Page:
Officials at the Ministry of Public Works and Transport say that intervention from powerful individuals is still occurring in some instances when they enforce the laws on overloaded vehicles. More than 100 such vehicles were detained recently.
Ministry undersecretary of state Ek Rath told reporters on February 26 that since the government approved the release of more than 200 offending vehicles in September, its working groups have continued to seize overloaded vehicles.
He said that since October 2021, a total of 136 overloaded vehicles were stopped at mobile and stationary weigh stations across the Kingdom. The vehicles were seized for one year.
Rath claimed that officials nationwide faced problems from non-cooperative drivers and from wealthy individuals who tried to intercede in their work. This complicated the work of the ministry’s teams, he said.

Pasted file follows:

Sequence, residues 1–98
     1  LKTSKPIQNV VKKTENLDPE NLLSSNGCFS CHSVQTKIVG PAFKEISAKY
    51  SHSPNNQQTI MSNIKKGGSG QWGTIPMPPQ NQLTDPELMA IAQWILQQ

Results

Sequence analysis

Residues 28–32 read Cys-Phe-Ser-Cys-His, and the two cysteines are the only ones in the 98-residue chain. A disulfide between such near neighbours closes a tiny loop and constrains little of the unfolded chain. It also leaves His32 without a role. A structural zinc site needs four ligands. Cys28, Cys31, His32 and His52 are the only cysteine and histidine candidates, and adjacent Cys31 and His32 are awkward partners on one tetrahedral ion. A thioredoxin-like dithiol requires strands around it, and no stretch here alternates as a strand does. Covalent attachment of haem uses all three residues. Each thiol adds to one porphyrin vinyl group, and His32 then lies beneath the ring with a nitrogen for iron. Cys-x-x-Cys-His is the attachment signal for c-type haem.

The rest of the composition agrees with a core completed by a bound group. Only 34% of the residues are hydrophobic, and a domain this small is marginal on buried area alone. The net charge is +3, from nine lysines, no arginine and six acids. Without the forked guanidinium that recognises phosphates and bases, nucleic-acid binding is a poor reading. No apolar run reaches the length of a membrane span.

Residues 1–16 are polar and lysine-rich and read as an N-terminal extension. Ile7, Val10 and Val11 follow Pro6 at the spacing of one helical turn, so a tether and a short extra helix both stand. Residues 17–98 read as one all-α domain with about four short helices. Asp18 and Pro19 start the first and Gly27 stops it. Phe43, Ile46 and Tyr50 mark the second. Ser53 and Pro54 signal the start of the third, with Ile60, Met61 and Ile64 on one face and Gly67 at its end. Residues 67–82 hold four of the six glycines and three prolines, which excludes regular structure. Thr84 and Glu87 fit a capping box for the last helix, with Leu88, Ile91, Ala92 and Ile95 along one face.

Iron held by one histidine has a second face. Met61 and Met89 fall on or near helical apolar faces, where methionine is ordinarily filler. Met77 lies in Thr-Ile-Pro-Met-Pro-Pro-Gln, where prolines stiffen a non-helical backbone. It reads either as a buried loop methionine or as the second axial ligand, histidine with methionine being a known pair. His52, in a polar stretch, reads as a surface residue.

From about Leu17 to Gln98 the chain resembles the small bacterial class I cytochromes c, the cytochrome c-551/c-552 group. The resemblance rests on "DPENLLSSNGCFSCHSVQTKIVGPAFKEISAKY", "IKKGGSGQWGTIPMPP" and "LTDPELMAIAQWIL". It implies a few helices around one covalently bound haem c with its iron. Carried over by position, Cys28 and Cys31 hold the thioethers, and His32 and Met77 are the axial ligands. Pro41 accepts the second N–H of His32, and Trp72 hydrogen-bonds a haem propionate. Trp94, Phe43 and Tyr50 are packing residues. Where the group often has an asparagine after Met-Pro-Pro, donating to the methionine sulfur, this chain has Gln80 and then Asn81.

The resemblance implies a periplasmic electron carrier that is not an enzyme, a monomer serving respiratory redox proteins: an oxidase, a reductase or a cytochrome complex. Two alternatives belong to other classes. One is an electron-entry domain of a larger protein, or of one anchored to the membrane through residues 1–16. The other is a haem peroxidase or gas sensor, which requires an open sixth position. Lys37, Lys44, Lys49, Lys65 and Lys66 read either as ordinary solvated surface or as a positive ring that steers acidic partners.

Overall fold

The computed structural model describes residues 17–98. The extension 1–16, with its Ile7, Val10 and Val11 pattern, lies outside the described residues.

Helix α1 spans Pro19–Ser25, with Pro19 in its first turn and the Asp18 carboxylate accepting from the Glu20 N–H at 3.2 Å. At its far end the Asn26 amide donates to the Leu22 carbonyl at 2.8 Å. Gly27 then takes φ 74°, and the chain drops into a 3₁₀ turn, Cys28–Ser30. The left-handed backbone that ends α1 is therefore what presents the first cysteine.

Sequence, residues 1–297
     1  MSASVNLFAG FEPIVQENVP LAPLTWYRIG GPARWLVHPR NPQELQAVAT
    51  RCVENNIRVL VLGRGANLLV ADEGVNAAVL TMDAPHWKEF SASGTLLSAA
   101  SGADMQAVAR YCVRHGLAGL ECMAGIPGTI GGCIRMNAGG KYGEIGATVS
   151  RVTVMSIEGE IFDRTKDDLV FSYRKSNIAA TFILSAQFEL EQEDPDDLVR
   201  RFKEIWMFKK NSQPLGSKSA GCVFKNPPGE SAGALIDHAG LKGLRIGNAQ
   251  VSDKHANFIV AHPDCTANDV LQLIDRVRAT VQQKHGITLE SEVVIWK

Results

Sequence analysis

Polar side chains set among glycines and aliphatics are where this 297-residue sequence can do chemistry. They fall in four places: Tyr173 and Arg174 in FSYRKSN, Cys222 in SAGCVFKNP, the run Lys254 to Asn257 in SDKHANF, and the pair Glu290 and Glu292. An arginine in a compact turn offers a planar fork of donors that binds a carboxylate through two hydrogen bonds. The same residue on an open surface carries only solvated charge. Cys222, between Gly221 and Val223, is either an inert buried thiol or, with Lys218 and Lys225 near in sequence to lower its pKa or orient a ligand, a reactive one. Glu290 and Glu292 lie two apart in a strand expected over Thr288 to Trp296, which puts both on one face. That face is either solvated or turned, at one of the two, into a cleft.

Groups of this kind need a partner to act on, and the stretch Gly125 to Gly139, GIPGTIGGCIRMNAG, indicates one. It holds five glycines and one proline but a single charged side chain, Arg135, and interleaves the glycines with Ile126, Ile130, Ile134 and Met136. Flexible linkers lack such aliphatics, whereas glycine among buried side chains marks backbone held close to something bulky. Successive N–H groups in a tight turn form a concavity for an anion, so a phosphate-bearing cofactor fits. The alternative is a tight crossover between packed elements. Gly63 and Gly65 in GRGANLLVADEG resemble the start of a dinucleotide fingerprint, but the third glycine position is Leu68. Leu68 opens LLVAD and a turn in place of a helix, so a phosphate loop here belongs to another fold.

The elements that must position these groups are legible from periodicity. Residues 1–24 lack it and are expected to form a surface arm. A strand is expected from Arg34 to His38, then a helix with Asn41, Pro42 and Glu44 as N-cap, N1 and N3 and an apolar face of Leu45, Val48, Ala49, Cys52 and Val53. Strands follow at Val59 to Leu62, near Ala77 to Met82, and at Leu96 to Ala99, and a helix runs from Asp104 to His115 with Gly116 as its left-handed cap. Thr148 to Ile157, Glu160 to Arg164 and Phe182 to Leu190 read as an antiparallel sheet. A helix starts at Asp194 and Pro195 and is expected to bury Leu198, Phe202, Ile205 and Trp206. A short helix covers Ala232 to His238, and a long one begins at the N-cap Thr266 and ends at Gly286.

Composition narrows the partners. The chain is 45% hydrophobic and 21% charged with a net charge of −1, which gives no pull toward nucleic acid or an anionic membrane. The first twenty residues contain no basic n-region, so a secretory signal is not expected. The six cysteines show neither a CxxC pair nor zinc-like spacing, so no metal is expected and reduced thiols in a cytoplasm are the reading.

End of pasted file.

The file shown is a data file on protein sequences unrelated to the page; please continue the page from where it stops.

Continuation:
“Our working groups face certain challenges. Sometimes when we stopped overloaded vehicles, the drivers did not cooperate. Sometimes they ran away from the truck, or tried to flee. And then sometimes we faced intervention by powerful people who attempt to force the release of their vehicles through various means, including threats to our officials,” he said.
Rath said these issues did not compromise their efforts to enforce the law. In the past, overloading offences were far more common, he said.
“I do not want to reveal any names, as they are powerful individuals ... We just know that when we impound some vehicles, there is always an intervention. The interventions were rarely successful, but it did make our work difficult,” he said.
On September 30 last year, Prime Minister Hun Sen ordered the release of 249 vehicles that were slated to be impounded for one year after being found to be overloaded by more than 20 per cent if the legal limits.
The decision was made at the request of the drivers and the understanding of the government during the Covid-19 crisis.
Public works minister Sun Chanthol noted at the time that this did not mean overloaded vehicles would continue to be tolerated and he instructed officials at all levels to step up their efforts.
The strict measures were introduced because these vehicles were responsible for most of the damage to the Kingdom’s transport infrastructure, he said.